Synthetic metabolic route allows optimal use of xylose for bio-production of chemicals

Scientists from Toulouse, France, genetically modified Escherichia coli in order to assimilate (d)-xylose and direct it towards commercially interesting compounds in a novel manner.

 

Early, this July I attended the Synthetic and Systems Biology School in Taormina, Italy. Apart from the lectures and poster sessions, selected talks from the participants were also presented. Amongst others, I distinctly remember two postdoctoral researchers, Ceren and Débora, who enthusiastically described their work about producing interesting chemicals in E. coli. I was therefore very pleased when I saw their paper published in ACS Synthetic Biology a few weeks ago.

  Native (blue) and synthetic (green) (D)-xylose assimilation pathway. The chemicals of interest (pink) and the first steps of glycolysis are also noted. The green numbers represent the heterologous enzymes that were used. Figure adapted with permission from Cam et al., 2015. Copyright American Chemical Society (2015).   

 

Native (blue) and synthetic (green) (D)-xylose assimilation pathway. The chemicals of interest (pink) and the first steps of glycolysis are also noted. The green numbers represent the heterologous enzymes that were used. Figure adapted with permission from Cam et al., 2015. Copyright American Chemical Society (2015).   

This article narrates a nice metabolic engineering approach to introduce a novel (D)-xylose assimilation metabolic route in E.coli. Naturally, E.coli phosphorylates (D)-xylose at C5 and incorporates it into the main metabolism. What the designed pathway does is assimilate the (D)-xylose through C1 phosphorylation, bypassing the pentose phosphate pathway and its native regulation. The sugars can now be introduced in the glycolysis pathway and thus be used for organism growth, while the desired chemical products are produced in a more targeted manner by expressing the respective biosynthetic enzymes. The theoretical product yields were computed and compared to the native metabolism and other engineering approaches, the novel enzymes that need to be expressed were identified and characterised, and microarray experiments and metabolite analysis were carried out to study the organism’s response to the new pathway. Finally, selected chemicals were produced by dedicated strains that performed impressively in terms of yields and product concentration.

So what's missing? It would be informative to see how the strains behave and what titres can be achieved in large batch-fermentation experiments. There is a small loss of growth rate of the modified strains. Moreover, it would be interesting to optimise the strains further and to test how generic this approach is by transferring the pathway to other organisms, such as baker’s yeast. Overall, however, this research paper is an easy-to follow biotechnology story that begins with the motivation and design and reaches the desired outcome of increased product formation.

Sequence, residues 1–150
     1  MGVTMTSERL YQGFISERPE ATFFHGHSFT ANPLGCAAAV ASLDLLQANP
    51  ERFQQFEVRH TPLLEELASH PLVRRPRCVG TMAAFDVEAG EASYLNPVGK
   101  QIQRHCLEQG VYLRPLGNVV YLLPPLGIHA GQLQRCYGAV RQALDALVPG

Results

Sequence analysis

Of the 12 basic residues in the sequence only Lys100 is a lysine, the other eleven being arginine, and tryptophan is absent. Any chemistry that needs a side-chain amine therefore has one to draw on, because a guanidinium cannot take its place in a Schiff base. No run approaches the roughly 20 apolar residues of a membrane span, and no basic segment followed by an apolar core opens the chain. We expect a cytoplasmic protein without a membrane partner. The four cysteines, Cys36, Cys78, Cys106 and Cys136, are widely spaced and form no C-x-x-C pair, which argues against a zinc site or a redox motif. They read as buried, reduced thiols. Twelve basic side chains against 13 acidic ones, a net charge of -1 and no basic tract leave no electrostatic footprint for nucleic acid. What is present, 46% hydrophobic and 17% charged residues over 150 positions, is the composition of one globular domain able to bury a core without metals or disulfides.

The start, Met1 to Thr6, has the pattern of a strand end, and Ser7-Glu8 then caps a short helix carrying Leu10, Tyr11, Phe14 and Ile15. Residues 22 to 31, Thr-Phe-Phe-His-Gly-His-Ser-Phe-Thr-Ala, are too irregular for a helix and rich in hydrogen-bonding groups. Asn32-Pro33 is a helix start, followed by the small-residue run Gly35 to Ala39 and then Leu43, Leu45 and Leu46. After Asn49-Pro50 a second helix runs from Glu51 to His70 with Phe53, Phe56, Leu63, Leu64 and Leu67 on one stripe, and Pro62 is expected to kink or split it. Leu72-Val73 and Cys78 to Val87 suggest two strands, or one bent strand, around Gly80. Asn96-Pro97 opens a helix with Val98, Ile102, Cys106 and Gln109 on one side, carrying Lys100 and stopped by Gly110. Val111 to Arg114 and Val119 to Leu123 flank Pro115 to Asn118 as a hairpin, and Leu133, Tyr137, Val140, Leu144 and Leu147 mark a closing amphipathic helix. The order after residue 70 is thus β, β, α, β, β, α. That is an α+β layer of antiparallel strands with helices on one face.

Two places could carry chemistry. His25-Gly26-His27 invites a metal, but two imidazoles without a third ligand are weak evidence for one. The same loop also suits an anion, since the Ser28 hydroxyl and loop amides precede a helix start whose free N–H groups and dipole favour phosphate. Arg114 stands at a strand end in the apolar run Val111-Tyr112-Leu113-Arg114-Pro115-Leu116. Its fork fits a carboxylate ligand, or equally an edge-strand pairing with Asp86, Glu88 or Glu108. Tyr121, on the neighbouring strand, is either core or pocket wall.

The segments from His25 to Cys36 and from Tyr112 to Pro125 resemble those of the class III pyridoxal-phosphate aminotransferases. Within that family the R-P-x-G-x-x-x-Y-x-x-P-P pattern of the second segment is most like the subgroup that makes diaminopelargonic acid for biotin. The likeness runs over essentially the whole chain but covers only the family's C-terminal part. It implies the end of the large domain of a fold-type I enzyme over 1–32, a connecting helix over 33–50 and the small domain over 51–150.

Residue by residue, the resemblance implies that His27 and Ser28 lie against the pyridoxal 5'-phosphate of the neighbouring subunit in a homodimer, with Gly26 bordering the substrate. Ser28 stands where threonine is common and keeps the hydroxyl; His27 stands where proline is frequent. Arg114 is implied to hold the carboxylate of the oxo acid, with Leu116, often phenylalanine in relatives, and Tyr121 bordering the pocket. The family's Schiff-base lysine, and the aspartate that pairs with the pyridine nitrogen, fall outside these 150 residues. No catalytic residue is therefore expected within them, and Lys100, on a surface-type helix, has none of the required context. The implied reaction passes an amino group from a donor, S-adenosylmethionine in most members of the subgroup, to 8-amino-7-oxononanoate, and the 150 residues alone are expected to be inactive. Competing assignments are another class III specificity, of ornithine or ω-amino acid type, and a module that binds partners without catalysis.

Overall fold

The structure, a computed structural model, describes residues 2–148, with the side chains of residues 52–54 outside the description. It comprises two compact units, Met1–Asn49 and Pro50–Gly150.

There are two take-home messages that I would like to address after reading this article. The first comes from the use of (D)-xylose as a substrate. The rationale behind it is that xylose constitutes a large proportion of the unused cellulose and hemicellulose biomass that are byproducts of bio-refinery. This is a prime example of synthetic biology employed in sustainability efforts, where a waste product is converted into commercially interesting compounds. Those formed products are currently available in industrial scale as fossil fuel byproducts and their production using E.coli is an environmentally friendlier alternative. However, the bio-sustainability argument has some pitfalls and needs to be employed carefully. A fermentation production is itself an energy consuming process. Also, the use of sugars should not directly compete with or use up agriculture resources. Nevertheless, it is my opinion that the industry needs to disengage fast from oil as a feedstock, and synthetic biology is a powerful tool that can provide novel alternatives.

A second point is the use of systems biology together with synthetic biology. Taking into account that a system cannot be simply described by the addition of its components but also requires the interactions between those parts, likewise a bioengineering approach cannot rely on the simple expression of a heterologous pathway and the optimisation of the participating enzymes. This principle is illustrated in this article, where metabolic modelling and microarray analysis that provide invaluable insights during the pathway design and the strain optimisation steps respectively. Interdisciplinary research is also present in this work, as computational science, bioinformatics, and analytical chemistry are employed together with molecular biology and biochemistry. It becomes more and more obvious that single-focus and narrow approaches are getting obsolete. The new generation of scientists needs to speak the language of and understand collaborators coming from different backgrounds. Synthetic biology, which in principle combines parts to obtain new properties and novel functions, cannot fall behind in combining different disciplines in a way that facilitates research and strengthens innovation and creativity.

 

 

Research Paper: 

Yvan Cam, Ceren Alkim, Debora Trichez, Vincent Trebosc, Amélie Vax, François Bartolo, Philippe Besse, Jean Marie François, and Thomas Walther (2015) Engineering of a Synthetic Metabolic Pathway for the Assimilation of (d)-Xylose into Value-Added Chemicals. ACS Synthetic Biology DOI: 10.1021/acssynbio.5b00103

 

Written by:

Konstantinos Vavitsas

Konstantinos is a PhD student at the University of Copenhagen, working on the photosynthetic production of high-value compounds. 

Edited by: Devang Mehta

 

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